Cosmos was really the beginning of enlightened public interest in the Universe. The juicy morsel that got us to salivate over what has become the ultimate banquet. When the science of Sagan was new, and its theories current, we all dreamt in hoards of being closer to it all; of knowing what he knows; of learning beyond the boundaries that he so ardently confronted. And now that he's gone, there is this legacy - the original manuscript of collective understanding; the quintessential tablet of science for the past, present, and future.
Cosmos was the first book to be placed on the Belmont Society's "Required Reading List for the amateur astronomer". It is mostly available in paperback, but a few hardcover editions are still around. Whichever you find, read it with a slight note of reverence. It would be well deserved.
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on March 23, 2001
Cosmos is more than just a book about space. The word Cosmos itself, derived from ancient Greek, implies the deep interconnectedness of all things, in which we all play a part. Although it was written over two decades ago, and therefore you may think that it may not be so relevant in its facts today, its underlying dual-purposes, to educate and to inspire, remain just as relevant as ever. It serves as an introduction to science, and the late Carl Sagan, one of the great humanists of our time, does an excellent job in bringing us into that world by not presenting simply hard facts and technobabble. Instead, he tries to make the book accessible to the scientific novice, and shows how it is relevant to every aspect of our daily lives. And we learn about the development of human understanding, not only in terms of 'Where did we come from?' and 'How did the universe get created?', but the development of ourselves, as people who began our existence from the most humble of beginnings, and were intelligent enough to ask ourselves 'Who are we?' and of course 'Why are we here?'. He shows why science is not only relevant to us here and now, but how it can help us to understand the future, and in the final chapter, he makes it clear that through the rampant destruction of our environment, that future may not be so long-reaching as we might dream it. Sagan manages to gently educate us in a stylish and entertaining way, and his book Cosmos leaves us feeling richer for the experience. I certainly recommend this to anyone. After all, it does concern everyone!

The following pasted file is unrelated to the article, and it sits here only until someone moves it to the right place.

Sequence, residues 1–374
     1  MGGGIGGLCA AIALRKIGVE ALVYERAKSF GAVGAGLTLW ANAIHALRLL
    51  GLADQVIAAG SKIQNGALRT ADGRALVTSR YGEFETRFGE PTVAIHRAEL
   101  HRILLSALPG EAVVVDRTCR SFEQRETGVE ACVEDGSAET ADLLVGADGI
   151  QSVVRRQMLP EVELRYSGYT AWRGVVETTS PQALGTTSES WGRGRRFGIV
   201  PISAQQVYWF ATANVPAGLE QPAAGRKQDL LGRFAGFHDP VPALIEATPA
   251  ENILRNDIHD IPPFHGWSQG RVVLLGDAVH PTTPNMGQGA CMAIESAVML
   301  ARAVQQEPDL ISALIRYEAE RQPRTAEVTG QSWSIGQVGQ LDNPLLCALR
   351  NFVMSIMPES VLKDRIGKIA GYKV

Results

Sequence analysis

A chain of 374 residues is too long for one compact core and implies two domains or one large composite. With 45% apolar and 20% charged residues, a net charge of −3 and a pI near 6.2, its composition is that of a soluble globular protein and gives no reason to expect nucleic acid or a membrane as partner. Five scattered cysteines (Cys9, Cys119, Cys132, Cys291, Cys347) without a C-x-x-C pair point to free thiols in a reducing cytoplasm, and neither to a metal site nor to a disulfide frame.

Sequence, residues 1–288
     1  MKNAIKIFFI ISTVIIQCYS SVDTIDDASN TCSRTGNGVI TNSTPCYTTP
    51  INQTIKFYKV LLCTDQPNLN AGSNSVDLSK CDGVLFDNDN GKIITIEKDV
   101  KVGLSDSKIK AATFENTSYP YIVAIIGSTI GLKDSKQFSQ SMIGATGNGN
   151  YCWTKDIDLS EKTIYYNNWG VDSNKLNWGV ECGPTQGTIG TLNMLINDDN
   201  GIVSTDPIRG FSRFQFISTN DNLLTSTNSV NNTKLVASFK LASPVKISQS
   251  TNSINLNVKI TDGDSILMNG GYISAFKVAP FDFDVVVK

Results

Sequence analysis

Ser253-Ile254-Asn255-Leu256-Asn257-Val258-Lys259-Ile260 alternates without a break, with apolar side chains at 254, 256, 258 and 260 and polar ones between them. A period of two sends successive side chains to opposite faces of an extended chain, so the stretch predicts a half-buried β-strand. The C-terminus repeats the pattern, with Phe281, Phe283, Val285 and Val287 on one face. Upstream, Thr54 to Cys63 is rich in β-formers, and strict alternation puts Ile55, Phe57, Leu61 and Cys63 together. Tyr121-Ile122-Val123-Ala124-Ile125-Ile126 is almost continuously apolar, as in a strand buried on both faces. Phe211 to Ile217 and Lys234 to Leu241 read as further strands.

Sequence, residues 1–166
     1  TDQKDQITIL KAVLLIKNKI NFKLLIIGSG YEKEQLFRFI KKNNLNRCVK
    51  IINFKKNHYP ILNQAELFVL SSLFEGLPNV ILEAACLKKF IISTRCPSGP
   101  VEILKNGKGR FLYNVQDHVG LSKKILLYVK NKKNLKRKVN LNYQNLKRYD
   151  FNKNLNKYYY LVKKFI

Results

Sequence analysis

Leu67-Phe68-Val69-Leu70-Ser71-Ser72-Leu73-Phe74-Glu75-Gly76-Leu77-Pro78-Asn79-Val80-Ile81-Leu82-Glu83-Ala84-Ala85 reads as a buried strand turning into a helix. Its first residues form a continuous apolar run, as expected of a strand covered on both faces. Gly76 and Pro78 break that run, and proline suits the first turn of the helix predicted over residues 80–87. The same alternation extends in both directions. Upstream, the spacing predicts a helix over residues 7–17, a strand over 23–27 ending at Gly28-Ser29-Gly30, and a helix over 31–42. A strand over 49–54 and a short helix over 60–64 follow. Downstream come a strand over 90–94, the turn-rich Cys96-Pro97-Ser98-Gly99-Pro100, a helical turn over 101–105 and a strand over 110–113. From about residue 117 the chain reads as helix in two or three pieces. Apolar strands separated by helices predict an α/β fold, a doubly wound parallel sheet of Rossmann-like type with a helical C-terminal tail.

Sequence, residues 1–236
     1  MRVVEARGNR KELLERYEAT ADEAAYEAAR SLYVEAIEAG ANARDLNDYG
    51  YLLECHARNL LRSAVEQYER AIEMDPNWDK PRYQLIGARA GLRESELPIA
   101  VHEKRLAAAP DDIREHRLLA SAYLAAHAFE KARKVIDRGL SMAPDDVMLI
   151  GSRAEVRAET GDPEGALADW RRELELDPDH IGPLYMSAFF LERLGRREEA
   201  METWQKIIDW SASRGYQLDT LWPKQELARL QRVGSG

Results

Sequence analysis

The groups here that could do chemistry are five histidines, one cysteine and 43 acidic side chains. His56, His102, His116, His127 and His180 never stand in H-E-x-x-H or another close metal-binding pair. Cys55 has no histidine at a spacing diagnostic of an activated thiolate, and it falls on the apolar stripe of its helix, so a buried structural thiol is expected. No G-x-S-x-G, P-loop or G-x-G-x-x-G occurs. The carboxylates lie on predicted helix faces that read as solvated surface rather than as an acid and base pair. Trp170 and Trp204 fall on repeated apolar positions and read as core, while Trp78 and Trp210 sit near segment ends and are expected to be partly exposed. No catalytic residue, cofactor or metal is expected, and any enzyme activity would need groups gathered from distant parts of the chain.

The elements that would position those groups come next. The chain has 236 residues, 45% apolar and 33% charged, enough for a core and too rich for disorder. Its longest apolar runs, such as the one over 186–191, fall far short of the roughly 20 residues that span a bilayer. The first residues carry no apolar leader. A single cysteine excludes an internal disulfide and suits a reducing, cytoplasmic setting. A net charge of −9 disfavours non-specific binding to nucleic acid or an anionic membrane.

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on November 9, 1999
This book changed my life. I studied science for over 10 years, and now I teach science (to High school kids) because of this book. My parents bought me Cosmos when I was an 11-year old (the same year the book was originally published) and I have been reading it ever since. I like to think I'm a decent teacher, but Dr. Sagan was a master. Students of all disciplines can learn from this remarkable text; Carl Sagan's passion for understanding and his various commitments to human welfare shine out like a beacon. If you have teenage kids, but them this book.
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How many people who watched the 'Cosmos' series on television (PBS in America - perhaps the best astronomy and general science series ever produced by them) could ever forget Carl Sagan's intonation at proclaiming the wonders of the universe in grand terms, billions and billions of stars and galaxies and planets (and consequently, everything else).
While this book was published in 1980 to be a companion to the television series, there is nonetheless a certain timelessness about it. Many science texts (even general readers such as this) become dated fairly quickly. Yet this book remains a volume to which I refer time and again for its history, philosophy and insight into scientific method and personality.